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20 years after his acclaimed account of the Goldberg Variations for Decca, András Schiff documents Bach’s towering masterpiece again, this time in a live recording for ECM New Series.

As the New York Times said, “Mr Schiff is, in Bach, a phenomenon. He doesn’t so much perform it as emit, breathe it.” Made to address the changes that have taken place in his approach to Bach, (and also in response to numerous requests from fellow musicians and the public), Schiff’s new Goldberg recording is, from multiple perspectives, a major event. The fluency of the playing in this concert recording from Basel is quietly astonishing, the technical demands of the work transcended with uncanny gracefulness.

The old Decca recording, long regarded by music critics as one of the most distinguished Goldberg interpretations, was the work of an exceptional young musician who had already been playing the work for a decade. Indeed, even before his first public performance of the work, in Budapest in 1975, he had been “slowly working on it for four to five years.” Schiff received additional insight via his studies in London with George Malcolm, the great harpsichordist and expert on baroque performance practise. Although the Goldberg Variations were written for a two-manual harpsichord, “Mr Malcolm, a universal musician, always encouraged me to play Bach on the modern piano, with varied articulation, imaginative phrasing and minimal (if any) use of the sustaining pedal… The main question has to be, how do we play Bach’s music? His manuscripts give us very little information on certain aspects of interpretation: tempo, dynamics, phrasing, articulation, ornamentation. The performer was expected to fill in the gaps by following his musical knowledge and instinct. So, the pianist should not be a slave, but rather a re-creator. Bach’s text is sacred, but he gives us the liberty to make certain choices and decisions.”

On the structure of the work: “The strict observance of repeats is quite crucial in these Variations. When I was younger I tried to use all the resources available to achieve variety. These included transposing certain sections an octave up or down, something that could easily be done on the two-manual harpsichord with registration. So this was my homage to the harpsichord. It also emphasizes one aspect of my approach: the joy of playing, playfulness. Nevertheless twenty years later we may prefer subtler means.”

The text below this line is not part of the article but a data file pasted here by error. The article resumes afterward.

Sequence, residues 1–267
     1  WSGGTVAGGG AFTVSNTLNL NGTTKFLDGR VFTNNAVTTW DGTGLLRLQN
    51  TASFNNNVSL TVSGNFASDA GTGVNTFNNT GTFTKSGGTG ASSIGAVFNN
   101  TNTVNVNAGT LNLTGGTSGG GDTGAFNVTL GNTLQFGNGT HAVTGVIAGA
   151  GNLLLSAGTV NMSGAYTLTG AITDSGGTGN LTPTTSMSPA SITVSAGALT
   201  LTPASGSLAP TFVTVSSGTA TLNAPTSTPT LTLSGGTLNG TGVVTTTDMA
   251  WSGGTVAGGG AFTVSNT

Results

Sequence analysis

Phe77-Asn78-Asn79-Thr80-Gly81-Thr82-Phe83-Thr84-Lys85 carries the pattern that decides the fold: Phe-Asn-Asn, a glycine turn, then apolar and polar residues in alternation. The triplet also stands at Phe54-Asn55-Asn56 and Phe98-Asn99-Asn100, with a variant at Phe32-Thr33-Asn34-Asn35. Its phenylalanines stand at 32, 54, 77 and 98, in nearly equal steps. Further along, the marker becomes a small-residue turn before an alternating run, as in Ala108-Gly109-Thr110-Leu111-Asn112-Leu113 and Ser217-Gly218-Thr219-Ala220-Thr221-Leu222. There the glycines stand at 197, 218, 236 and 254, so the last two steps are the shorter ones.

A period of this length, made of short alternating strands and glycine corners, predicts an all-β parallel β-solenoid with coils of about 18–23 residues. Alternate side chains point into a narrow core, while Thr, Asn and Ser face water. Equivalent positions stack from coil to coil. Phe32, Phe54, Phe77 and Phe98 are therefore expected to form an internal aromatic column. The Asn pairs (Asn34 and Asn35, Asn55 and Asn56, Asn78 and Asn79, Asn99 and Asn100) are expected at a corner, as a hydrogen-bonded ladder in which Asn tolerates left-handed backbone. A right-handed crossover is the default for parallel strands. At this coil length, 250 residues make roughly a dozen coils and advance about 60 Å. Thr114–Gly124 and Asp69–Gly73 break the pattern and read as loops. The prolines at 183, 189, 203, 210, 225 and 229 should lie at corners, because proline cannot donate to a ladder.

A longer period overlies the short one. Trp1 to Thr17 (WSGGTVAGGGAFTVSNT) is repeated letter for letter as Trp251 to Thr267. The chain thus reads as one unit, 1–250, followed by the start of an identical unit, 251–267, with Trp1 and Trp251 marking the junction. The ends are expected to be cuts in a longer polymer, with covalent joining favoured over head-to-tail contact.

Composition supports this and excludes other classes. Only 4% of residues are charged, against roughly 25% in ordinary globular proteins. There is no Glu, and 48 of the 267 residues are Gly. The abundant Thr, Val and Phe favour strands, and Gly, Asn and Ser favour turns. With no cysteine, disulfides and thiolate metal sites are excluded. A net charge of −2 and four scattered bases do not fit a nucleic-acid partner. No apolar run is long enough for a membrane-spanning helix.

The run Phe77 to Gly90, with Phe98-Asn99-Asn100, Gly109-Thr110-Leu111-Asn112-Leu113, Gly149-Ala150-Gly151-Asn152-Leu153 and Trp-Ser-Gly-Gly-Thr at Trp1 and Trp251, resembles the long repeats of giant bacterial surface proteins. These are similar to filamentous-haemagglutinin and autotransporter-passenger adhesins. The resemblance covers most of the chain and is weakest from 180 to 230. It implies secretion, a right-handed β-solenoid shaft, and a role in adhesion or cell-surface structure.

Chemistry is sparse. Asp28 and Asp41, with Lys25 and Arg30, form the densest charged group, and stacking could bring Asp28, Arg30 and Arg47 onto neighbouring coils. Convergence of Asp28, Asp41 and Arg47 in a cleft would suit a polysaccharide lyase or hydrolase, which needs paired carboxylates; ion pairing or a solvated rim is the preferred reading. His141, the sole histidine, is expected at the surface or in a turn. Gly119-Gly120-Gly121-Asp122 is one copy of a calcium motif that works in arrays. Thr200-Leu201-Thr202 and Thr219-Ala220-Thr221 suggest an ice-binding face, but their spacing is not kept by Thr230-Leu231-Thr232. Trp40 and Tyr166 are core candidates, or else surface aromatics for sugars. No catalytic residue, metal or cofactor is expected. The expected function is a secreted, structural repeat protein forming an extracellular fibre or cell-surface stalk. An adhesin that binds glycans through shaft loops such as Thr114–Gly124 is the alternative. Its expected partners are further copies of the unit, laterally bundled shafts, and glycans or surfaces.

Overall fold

ECM recorded several performances of András Schiff playing the Goldberg Variations in the autumn of 2001, from which the pianist selected the Basel concert for release. Schiff feels the concert setting is optimal for the Goldberg:

“My view of the Goldberg Variations is largely helped by the live recording. It is a long journey and I believe in continuity. It’s not a fragmented sequence of 32 excerpts. The overall plan, the division of groups, rests, silences – they all depend on careful timing, which can only be achieved naturally in a live performance.”


One point in which this recording is clearly superior to its predecessor is the sound – attributable to Schiff’s ever more subtle touch and also to the instrument employed. András Schiff: “These days I always play a piano prepared by Maestro Angelo Fabbrini in Pescara, Italy. These instruments are perfectly voiced and tuned and possess a special ‘shining’ quality. I believe in the cantabile art of piano playing and this piano can sing. Twenty years ago I played the best available piano in London because I didn’t know anything better. There are, however, great differences between pianos, and technicians. Today I travel with my own piano and technician, Mr Rocco Cicchella, and I’m very happy.”